Electronics Research News

Another step on the long road to quantum computing

IBM has got error detection working on a segment of quantum computer. The firm is working towards ‘surface code’ error correction for superconducting quantum computers, which need correction because entangled qubits (quantum bits) are prone to spontaneous errors.  Surface code correction spreads quantum information across many qubits that only interact…

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Little robots pull more than 100 times their weight

Mighty things come in small packages. The little robots in the video below can haul things that weigh over 100 times more than themselves. The super-strong bots – built by mechanical engineers at Stanford University in California – will be presented next month at the International Conference on Robotics and Automation…

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Graphene helps study other 2D semiconductors

Researchers have used graphene and 2D insulator boron nitride to make a clean environment in which to study other 2D semiconductors. Molybdenum disulphide has come out of the tests well. At issue is the large surface area of 2D molecules which offeres huge possibilities for unwanted interaction. In work at…

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Polysilicon-on-paper for printing low-cost circuits

Polysilicon can be made on paper and other low-temperature substrates by a process developer by researchers in The Netherlands and Japan. The same process has yielded CMOS transistors on a wafer. Silicon has already been used as an alternative to organic and oxide semiconductor materials in inks for printing…

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Proto-quantum computer addresses Boson sampling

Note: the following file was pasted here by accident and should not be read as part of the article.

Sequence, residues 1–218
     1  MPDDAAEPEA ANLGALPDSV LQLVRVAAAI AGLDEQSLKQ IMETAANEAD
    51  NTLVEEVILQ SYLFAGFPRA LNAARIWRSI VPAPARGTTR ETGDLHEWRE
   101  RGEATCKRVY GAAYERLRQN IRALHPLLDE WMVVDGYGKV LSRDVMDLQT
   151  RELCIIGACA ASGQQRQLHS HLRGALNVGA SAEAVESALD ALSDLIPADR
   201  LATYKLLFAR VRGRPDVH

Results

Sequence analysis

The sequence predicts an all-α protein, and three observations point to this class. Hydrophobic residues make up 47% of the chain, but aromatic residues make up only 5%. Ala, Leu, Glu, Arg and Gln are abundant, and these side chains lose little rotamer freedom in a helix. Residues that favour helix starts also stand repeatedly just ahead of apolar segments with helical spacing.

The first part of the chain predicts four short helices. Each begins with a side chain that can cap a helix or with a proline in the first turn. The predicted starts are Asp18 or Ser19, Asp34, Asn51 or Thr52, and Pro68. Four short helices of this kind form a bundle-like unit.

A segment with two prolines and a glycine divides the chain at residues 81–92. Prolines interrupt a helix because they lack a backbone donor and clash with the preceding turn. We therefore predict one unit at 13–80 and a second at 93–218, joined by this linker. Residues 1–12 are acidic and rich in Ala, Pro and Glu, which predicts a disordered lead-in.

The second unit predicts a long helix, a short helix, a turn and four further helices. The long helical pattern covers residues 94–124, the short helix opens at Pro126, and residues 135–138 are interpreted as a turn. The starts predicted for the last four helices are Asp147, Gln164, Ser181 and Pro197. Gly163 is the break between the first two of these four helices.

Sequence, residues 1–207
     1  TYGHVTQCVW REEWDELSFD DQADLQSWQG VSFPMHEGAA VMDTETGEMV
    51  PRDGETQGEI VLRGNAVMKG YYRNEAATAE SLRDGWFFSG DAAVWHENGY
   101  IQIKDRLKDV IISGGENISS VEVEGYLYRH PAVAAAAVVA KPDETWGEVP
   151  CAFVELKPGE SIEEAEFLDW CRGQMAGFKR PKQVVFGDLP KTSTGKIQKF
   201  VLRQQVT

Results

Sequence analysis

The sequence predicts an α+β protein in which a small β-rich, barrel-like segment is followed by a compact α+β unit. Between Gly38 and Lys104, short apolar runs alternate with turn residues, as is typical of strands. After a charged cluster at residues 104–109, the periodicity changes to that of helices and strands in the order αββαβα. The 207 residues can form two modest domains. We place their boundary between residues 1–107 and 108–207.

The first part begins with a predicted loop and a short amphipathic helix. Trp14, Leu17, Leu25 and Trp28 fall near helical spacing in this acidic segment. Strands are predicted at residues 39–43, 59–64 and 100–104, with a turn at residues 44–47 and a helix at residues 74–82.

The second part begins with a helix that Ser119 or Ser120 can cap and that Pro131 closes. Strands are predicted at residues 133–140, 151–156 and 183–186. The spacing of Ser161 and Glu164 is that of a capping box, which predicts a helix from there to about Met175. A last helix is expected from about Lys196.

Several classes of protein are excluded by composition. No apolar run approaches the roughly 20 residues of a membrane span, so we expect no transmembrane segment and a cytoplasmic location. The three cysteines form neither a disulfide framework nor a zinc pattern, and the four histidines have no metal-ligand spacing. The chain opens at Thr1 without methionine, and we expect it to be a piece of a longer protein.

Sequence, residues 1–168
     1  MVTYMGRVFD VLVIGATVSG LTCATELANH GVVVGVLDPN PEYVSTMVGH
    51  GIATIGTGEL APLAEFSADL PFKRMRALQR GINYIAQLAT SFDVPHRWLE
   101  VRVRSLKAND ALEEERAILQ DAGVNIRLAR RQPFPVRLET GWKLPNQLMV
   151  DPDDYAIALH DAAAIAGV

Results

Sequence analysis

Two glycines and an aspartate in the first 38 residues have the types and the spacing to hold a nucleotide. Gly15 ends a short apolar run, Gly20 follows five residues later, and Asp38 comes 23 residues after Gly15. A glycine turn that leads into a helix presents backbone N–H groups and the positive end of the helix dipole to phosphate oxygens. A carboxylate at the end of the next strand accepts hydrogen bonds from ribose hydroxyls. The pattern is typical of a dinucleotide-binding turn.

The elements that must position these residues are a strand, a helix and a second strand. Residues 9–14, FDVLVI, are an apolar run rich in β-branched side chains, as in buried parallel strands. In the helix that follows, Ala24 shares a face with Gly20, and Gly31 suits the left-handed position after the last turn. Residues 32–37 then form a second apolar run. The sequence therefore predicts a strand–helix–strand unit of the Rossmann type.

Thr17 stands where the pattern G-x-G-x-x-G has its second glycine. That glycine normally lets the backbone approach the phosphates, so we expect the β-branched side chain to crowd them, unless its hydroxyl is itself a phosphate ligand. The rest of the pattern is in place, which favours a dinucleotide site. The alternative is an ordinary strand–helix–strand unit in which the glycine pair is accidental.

Quantum computers should theoretically outpace ordinary ones, but attempts to build a speedy quantum machine have so far come up short. Now an approach based on a Victorian counting device seems to be getting close. This proto-quantum computer can only solve one problem. But that problem, called boson sampling…

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Microphone harvests acoustic energy to top up its charge

Researchers in America have developed a postage stamp-sized microphone that can harvest acoustic energy to top up your charge on the go. Zhong Wang of the Georgia Institute of Technology in Atlanta and his colleagues created their microphone from a thin sheet of paper just a few centimetres across…

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Tiny thumb trackpad is wireless

For wireless control when hands are full, MIT has invented a thumbnail trackpad called NailO. Stroking it in different directions transmits mouse-like commands to PCs and phones. Even though it sticks on like an artificial nail, packed into the prototype are capacitive sensors, a battery, a microcontroller, and chips…

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Double walled carbon nanotubes allow bandgap tuning

Mathematicians at Rice University in Texas have delved into the possible behaviour of double-walled carbon nanotubes and found a potential bandgap. Carbon nanotubes are not one thing. Instead, characteristics including tube diameter and the amount of twist in the atomic lattice along the tubular molecule are variables. One simple…

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